Monday, January 17, 2011

Sofi Oksanen.

It's week number three and I have finished book number three. I'm pleased to say that it's another good one! My expectations were rather high, and I did actually think that it would be more of the kind of book you can't put down (my mother said something of the kind, but that just shows that I'm harder to please than her) so from that point of view I was a bit disappointed, but the book is so skillfully written that it makes up for it.

The story in this book takes place in the 1940s and 50s in Estonia, as well as in 1992. You follow the Estonian girl Aliide and her sister Ingel (who is the beautiful one, the successful one, the desirable one) when the Germans and then the Communists arrive, and at the same time, interlaced with the story of Aliide's sad youth, you follow Zara, a victim of trafficking and prostitution who, bruised and afraid, ends up on Aliide's lawn in 1992, after escaping from her pimp. It's a rater complex story. Zara is, as a matter of fact, Aliide's sister's granddaughter, who has grown up in Russia. It's not a coincidence that she ends up in Aliide's village, but she didn't exactly get there the way she planned. Aliide's relation to her own sister is not what it should be though, and Zara, in dire need of help, is not really certain if it's a good idea to actually enlighten Aliide on her identity. For some reason, Aliide has no sister, and Zara's mother has no aunt... But she knows that she has little time, that soon she will be found and there will be no more escape.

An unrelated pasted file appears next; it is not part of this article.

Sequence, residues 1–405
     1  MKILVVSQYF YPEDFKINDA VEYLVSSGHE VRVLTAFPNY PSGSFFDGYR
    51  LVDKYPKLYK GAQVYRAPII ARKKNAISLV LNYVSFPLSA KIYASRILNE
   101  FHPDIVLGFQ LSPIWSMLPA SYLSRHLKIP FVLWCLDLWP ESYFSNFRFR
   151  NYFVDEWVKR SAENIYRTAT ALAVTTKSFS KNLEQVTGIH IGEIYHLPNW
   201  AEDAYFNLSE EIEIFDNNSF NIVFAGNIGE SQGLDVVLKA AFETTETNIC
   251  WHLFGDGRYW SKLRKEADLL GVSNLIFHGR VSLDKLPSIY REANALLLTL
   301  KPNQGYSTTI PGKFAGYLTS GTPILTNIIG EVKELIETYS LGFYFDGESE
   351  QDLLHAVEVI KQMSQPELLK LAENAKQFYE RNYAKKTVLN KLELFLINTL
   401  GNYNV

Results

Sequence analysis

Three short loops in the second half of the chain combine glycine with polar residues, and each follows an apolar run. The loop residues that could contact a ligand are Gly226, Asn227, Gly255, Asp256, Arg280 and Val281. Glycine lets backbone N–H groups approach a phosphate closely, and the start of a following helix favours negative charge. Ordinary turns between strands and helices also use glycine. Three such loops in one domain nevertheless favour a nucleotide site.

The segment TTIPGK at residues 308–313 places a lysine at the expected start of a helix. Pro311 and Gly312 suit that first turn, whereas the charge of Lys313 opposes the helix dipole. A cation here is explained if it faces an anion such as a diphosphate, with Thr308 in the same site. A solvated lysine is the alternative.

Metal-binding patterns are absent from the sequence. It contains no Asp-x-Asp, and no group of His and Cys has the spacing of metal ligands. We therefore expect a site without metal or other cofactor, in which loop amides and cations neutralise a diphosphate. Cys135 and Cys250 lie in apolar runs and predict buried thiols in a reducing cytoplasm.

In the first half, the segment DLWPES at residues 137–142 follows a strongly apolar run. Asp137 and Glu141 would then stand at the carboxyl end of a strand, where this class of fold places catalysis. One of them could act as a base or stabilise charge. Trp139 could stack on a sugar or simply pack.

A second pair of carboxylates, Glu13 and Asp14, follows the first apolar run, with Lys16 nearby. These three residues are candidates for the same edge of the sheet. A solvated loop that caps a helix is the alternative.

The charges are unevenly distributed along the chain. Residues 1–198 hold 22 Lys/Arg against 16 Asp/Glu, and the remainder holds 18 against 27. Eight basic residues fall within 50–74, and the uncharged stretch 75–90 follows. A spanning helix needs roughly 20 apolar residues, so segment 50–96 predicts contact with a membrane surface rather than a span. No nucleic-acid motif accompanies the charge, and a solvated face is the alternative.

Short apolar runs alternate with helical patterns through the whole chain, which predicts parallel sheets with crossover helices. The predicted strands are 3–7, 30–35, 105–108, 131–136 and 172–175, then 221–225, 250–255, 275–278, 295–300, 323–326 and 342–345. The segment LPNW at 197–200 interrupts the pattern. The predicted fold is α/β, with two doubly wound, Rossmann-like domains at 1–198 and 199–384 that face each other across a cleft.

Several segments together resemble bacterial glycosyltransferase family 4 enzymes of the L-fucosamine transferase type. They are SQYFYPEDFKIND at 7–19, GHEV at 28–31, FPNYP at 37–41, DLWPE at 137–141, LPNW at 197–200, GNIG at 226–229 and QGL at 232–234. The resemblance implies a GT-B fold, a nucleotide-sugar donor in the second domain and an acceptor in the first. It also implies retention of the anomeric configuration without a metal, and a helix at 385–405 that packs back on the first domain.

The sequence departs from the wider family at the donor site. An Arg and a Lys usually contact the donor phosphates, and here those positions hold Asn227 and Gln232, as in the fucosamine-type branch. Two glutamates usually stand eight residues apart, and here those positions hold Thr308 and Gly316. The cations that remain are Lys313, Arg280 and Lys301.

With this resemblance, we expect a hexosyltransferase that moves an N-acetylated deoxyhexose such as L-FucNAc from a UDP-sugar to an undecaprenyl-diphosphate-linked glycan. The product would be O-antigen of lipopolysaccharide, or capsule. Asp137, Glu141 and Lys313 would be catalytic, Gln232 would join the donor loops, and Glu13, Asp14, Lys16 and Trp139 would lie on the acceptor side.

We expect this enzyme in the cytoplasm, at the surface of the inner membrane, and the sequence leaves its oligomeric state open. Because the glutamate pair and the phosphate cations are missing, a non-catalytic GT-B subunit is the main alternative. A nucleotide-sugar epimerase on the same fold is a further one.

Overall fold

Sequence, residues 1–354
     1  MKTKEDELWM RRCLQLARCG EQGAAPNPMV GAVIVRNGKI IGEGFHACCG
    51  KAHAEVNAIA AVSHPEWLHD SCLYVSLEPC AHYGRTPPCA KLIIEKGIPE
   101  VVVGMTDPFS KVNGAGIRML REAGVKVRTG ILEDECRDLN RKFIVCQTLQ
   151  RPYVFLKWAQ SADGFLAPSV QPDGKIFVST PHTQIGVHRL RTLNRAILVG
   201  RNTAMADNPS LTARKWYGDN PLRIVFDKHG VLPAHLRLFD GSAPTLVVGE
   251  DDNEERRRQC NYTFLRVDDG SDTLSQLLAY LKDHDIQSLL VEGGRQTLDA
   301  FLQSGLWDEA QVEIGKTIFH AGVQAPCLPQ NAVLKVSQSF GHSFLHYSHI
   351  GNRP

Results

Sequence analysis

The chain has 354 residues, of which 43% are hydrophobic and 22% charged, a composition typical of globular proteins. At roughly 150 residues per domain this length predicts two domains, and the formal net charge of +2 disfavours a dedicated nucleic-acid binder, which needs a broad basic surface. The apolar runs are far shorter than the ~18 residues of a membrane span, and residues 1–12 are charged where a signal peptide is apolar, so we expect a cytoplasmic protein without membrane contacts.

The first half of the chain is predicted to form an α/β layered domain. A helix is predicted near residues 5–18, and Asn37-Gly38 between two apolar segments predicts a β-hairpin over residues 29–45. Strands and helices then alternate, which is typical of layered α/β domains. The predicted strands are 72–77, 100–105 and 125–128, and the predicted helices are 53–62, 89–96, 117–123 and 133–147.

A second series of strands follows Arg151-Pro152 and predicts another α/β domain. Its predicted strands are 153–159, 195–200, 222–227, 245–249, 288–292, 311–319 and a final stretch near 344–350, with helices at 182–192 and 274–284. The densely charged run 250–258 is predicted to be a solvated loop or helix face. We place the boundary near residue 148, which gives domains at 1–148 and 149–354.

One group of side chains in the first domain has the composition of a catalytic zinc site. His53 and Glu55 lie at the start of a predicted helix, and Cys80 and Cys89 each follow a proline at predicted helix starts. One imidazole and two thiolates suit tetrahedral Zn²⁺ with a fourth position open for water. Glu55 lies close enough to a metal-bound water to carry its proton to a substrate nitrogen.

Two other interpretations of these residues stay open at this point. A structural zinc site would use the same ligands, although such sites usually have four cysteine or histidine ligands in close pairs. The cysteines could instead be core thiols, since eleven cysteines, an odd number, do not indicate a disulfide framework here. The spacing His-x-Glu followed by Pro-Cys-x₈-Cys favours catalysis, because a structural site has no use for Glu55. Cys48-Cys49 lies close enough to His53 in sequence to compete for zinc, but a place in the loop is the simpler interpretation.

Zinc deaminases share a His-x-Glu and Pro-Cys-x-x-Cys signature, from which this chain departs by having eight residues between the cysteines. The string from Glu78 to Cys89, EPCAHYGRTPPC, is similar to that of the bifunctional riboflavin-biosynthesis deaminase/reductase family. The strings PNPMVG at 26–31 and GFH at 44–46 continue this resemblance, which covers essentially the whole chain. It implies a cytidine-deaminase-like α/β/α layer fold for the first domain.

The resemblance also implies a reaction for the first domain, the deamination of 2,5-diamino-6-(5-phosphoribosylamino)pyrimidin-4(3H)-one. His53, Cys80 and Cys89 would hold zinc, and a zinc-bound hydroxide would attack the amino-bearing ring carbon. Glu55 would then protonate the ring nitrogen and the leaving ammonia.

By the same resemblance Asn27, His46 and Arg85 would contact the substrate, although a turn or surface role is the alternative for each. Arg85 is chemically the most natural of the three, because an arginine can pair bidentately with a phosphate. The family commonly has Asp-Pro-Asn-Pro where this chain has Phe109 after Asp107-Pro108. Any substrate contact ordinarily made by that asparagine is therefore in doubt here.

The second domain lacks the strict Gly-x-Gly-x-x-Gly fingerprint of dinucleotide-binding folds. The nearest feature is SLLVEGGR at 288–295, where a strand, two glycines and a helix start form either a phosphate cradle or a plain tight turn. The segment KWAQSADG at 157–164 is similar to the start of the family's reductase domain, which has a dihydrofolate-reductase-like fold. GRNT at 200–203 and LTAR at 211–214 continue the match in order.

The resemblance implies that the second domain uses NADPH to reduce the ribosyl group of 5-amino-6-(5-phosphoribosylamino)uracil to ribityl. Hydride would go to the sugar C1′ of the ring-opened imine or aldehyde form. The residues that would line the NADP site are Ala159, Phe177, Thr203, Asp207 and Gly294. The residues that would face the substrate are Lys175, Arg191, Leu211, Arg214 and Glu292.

Aliide is a fascinating character. It's hard to dislike her, even though she is not at all sympathetic. She's obsessive and she smells of onions. She is oddly hard, certainly not afraid of the young men who come to throw rocks at her windows and who she is certain will one day burn down her house. She is the victim of rape and abuse at the hands of the Communists, but she looks down on other women in her own situation and cannot bear the idea that her shame should be made known, so she becomes one of them - the Communists. Her own jealousy towards her sister has driven her to commit acts that should really trouble someone's conscience for the rest of their life, but she seems oddly untouched by it. And she has the impulse to beat people rather often. If I'm not mistaken she imagines beating one man until his intestines are all mush.

In a way you could say that this is a book about betrayal and lack of love that slowly breaks down people and turns them into something they were not originally meant to be.

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